Re: rhythmbox: gstreamer vs xine

Hey Jorn,

> Hi,
> I'm mailing to let you know I have been moving CVS Rhythmbox
> (monkey-media) to use xine instead of GStreamer.

Yesterday I finally got round to installing Phoebe on my home machine.  Of 
course, I was excited to see rpms like gstreamer, nautilus-media and 
rhythmbox be installed automatically.  It felt like it was more real than 
it has been in the past.

I tried both out, and because nautilus-media wouldn't scan properly, I 
enabled the known workaround for osssink synchronisation in my gconf key.  
After that, I couldn't start Rhythmbox.  I remember having made a patch 
for this issue in Rhythmbox for "our" rpm's of it.  Basically, Rhythmbox 
didn't parse the gconf key using the GStreamer API provided, as I 
suggested when we discussed the implementation a long time ago, but was 
just assuming the gconf key to be a fixed element instead of a parsable 

I was thinking, "I need to discuss this patch with Jorn so it gets 
integrated", but now it looks like that isn't really necessary anymore.

I'll be sad to not see Rhythmbox in Red Hat 8.1.  While it was far from 
finished, I was looking forward to at least being able to recommend it to 
a whole bunch of people I know, and at the college radio I also work at in 
my spare time (they moved to RH exclusively last year, finally).

> While I prefer the
> gnomishness of the GStreamer API over xine, GStreamer is still not very
> stable,

With the previous account of that gconf problem, I just wanted to touch
on what I think is a more fundamental problem than what you call 
"GStreamer not being stable".  It's a typical case of not having enough 
communication.  AFAIK, you've been in #gstreamer for no more than a day 
over the past year.  You've filed five bugs against GStreamer, all of 
which got taken into account, worked on and fixed.  I mostly only found 
out about issues in rhythmbox by hanging out in #rhythmbox myself.  And 
when you complained about them, I offered help and suggestions every time.

I'm just not sure most of those suggestions ever made their way into the 
code; see the gconf example.

It wasn't very easy for me to always use Rhythmbox either - numerous UI 
overhauls and various stages of brokenness sometimes got in the way.  But 
I just kept the last good version around and it served me well.  On my 
laptop, I've ran rhythmbox for days on end without any problems.  This 
allowed me to fix stuff in GStreamer, or at least report it, so that 
Rhythmbox worked better.

FWIW, basically the only issue you have is quite simply, using i686 glibc 
on Red Hat with the thread-based schedulers.  This problem :
a) only happens on i686 glibc redhat (which not only uses different opt 
flags, but a different code path in the source code)
b) doesn't happen with i386 glibc (which you can easily install)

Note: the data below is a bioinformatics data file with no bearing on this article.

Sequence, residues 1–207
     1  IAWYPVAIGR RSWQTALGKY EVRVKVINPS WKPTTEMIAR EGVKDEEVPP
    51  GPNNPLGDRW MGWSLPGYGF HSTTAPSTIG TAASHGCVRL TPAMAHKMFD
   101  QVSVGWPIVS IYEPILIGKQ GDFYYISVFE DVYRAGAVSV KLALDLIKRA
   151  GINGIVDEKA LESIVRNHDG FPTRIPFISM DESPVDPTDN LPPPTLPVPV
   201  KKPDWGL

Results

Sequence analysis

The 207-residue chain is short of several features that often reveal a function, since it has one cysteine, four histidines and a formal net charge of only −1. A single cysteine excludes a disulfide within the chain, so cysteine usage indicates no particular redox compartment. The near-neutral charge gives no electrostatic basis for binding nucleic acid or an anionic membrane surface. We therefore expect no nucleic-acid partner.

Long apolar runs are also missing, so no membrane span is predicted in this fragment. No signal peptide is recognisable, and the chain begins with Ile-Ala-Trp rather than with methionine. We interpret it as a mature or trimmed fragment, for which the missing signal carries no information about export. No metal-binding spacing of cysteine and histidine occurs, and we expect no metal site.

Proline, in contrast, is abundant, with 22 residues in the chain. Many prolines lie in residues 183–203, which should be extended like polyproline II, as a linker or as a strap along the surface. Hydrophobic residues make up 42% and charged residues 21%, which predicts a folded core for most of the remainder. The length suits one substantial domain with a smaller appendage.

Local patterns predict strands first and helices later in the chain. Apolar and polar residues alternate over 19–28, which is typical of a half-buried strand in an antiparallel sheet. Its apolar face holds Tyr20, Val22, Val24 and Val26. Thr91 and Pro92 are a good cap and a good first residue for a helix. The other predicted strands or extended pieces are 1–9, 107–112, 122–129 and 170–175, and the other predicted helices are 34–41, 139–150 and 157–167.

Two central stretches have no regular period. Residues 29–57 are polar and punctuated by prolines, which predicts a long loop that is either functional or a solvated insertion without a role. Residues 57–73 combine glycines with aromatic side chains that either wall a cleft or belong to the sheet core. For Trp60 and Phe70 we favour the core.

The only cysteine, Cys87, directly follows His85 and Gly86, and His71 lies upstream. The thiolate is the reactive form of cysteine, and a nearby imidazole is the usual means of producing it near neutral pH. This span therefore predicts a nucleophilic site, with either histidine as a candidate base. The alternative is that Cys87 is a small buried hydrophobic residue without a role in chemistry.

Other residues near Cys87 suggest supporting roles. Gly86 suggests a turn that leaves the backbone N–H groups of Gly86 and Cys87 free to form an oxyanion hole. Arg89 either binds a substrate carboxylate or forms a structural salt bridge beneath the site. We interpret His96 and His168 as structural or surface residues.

c) doesn't happen with the optimal scheduler wim wrote (which just needs a 
few more tweaks to get right).

If you had wanted to actually develop Rhythmbox, you could've just 
installed i386 glibc and got on with it, knowing that Wim is working very 
hard and doing great work on writing a cothreadless scheduler.

It's a bit disheartening for us if, after working so hard on Gnome 2.2 
stuff and hammering out the major user-visible bugs, you suddenly, without 
any notice or any communication with us, decide to switch to something 
else on the basis that "GStreamer is unstable".

Frankly, Rhythmbox uses very little in GStreamer that is unstable.  
Stability of GStreamer in the areas that Rhythmbox uses has been proven by 
applications that do a lot more complex processing than the rhythmbox 
decode ! volume ! adder chain.  I wrote the basics of nautilus-media in 
two days, and apart from some of the logic of autoplugging it works 
incredibly well.  So I don't really think the unstability of Rhythmbox can 
be entirely blamed on GStreamer at all.  And I never gave up on Rhythmbox 
either, even though it never managed to read trees with much more than 1 
GB of music, or didn't clean up properly on exit, and so on.

Of course, I respect your decision.  I just feel that the way it has been 
taken is untimely and unfair.  So of course I hope you change your mind 
some time in the future.

Open source development works or fails mostly on two things :
actual work and communication.
Both GStreamer and Rhythmbox had a lot of actual work put to them, but for 
some reason the communication didn't work well.
Communication is achieved through mails, bug reports, and irc.
Basically, we can't fix bugs that we don't know about.

So I hope that, in the future, if Rhythmbox ever switches again, we on 
both ends will take care to make sure we communicate effectively.



The Dave/Dina Project : future TV today ! -
<-*- thomas (dot) apestaart (dot) org -*->
Excuse me I must have mistaken you
for someone who gave a damn
<-*- thomas  (at) apestaart (dot) org -*->
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